JOHANNESBURG, August 22 – The South African Broadcasting Corporation (SABC) said on Wednesday that it cannot divulge the figures of the English Premier League matches deal due to “commercially sensitive information”, but said that the cost to the broadcaster was minimal compared to its investment into other local sporting codes.
On Tuesday, the cash-strapped public broadcaster announced that its sports division had acquired the free-to-air broadcast rights for the English Premier League which will enable it to broadcast English football matches on SABC 3 every Saturday afternoon at 4 pm local time.
The SABC said that the rights have been sublicensed from the main rights holder, Kwese Sport for a duration of one season.
“Due to commercially sensitive information, the SABC cannot divulge the figures of the deal however the cost to the SABC is minimal compared to its investment into other local sporting codes,” SABC spokesperson Neo Momodu said in a statement.
“The acquisition of the English Premier League sports rights is a strategic decision to further diversify the channel’s content offering, as well as regain viewers. The acquisition of these sports rights are also in line with the re-positioning of SABC 3.”
The free-to-air rights package consists of 33 live matches per season selected by the English Premier League.
The SABC board revealed in Parliament on Tuesday that the broadcaster was in a bad financial state, with only R26m million remaining in its bank account while owing R694 million to creditors.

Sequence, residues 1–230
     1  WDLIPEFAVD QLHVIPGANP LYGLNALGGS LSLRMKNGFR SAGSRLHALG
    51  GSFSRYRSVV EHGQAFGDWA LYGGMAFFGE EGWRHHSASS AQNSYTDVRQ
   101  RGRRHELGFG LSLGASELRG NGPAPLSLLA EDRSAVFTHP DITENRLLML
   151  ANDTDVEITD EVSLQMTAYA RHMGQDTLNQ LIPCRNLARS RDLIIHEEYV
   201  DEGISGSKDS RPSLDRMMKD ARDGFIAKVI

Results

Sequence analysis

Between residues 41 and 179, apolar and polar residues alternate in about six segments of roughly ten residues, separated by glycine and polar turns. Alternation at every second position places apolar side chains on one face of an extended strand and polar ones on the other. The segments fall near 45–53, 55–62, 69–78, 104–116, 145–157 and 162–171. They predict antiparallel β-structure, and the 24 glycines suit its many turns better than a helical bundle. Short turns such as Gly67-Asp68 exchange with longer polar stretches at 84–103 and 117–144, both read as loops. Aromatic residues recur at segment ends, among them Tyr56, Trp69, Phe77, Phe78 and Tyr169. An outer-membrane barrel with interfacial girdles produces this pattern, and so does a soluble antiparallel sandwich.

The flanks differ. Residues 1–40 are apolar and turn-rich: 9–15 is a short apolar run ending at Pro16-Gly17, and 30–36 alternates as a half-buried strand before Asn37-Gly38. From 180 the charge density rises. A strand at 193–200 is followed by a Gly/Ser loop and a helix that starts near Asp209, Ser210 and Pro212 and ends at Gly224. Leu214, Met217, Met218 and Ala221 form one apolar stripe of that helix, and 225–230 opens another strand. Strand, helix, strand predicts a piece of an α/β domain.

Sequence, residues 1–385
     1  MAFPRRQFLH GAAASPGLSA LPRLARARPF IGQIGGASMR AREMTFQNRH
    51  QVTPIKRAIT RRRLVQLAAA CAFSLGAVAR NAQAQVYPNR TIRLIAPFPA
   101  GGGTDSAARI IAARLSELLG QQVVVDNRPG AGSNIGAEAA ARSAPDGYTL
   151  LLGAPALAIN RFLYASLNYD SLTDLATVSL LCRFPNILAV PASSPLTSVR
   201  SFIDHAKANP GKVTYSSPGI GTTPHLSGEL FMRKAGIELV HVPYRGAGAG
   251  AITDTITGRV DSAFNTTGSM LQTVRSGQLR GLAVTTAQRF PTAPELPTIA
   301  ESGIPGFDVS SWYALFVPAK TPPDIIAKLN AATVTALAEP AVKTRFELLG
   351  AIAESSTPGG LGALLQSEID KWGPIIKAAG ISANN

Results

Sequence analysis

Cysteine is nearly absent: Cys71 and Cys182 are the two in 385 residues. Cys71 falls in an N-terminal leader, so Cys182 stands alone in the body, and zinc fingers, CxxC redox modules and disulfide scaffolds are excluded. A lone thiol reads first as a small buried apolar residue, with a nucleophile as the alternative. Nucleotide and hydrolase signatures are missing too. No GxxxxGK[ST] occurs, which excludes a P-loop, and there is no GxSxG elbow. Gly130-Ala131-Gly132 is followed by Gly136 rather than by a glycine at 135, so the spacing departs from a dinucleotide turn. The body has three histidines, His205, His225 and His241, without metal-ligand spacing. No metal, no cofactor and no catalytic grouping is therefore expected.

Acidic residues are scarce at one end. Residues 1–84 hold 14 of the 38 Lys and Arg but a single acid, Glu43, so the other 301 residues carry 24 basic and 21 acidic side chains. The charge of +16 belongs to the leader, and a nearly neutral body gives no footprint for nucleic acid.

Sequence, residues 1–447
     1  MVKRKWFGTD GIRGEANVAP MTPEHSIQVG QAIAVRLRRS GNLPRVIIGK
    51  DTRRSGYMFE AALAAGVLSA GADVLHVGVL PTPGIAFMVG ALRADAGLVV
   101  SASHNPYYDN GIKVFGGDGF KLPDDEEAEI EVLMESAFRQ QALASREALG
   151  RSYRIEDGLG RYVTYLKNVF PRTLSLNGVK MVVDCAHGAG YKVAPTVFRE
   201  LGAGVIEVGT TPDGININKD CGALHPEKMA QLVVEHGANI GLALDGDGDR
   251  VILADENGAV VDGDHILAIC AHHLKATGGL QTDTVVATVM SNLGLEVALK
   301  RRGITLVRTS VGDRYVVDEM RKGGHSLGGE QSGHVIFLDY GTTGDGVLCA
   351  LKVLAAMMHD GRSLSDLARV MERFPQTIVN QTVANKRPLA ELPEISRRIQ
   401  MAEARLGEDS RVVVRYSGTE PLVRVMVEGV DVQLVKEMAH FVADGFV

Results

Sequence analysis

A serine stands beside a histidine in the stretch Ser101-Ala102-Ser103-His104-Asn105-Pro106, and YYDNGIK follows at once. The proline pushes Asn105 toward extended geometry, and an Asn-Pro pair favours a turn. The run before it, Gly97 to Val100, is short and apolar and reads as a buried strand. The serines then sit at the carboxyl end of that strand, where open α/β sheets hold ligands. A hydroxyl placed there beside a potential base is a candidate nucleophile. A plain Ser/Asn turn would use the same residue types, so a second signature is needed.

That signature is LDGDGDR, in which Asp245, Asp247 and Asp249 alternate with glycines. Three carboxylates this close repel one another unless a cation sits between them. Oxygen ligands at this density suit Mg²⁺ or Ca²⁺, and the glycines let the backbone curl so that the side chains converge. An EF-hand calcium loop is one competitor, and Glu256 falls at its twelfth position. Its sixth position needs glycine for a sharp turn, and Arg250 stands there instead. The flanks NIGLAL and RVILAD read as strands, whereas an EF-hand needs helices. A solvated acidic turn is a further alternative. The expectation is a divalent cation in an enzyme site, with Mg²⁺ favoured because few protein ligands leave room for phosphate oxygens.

“Given the SABC’s current funding model, the corporation has to find commercially viable products to invest in, in order to realize returns which it will re-invest into its public service mandate content,” Momodu said.
“The low investment into the English Premier League will allow a greater return on investment which will go some way into SABC being able to meet its non-financial viable investments, particularly sports of national interest and news.”
The troubled broadcaster was reportedly unable to broadcast matches of national soccer teams Bafana Bafana and Banyana Banyana after it failed to negotiate favourable terms with the South African Football Association (SAFA) which it owes R50 million.
Momodu said the SABC was negotiating favourable payment terms like it did with the English Premier League, with its other critical football rights holders like SuperSport and SAFA.
– African News Agency (ANA)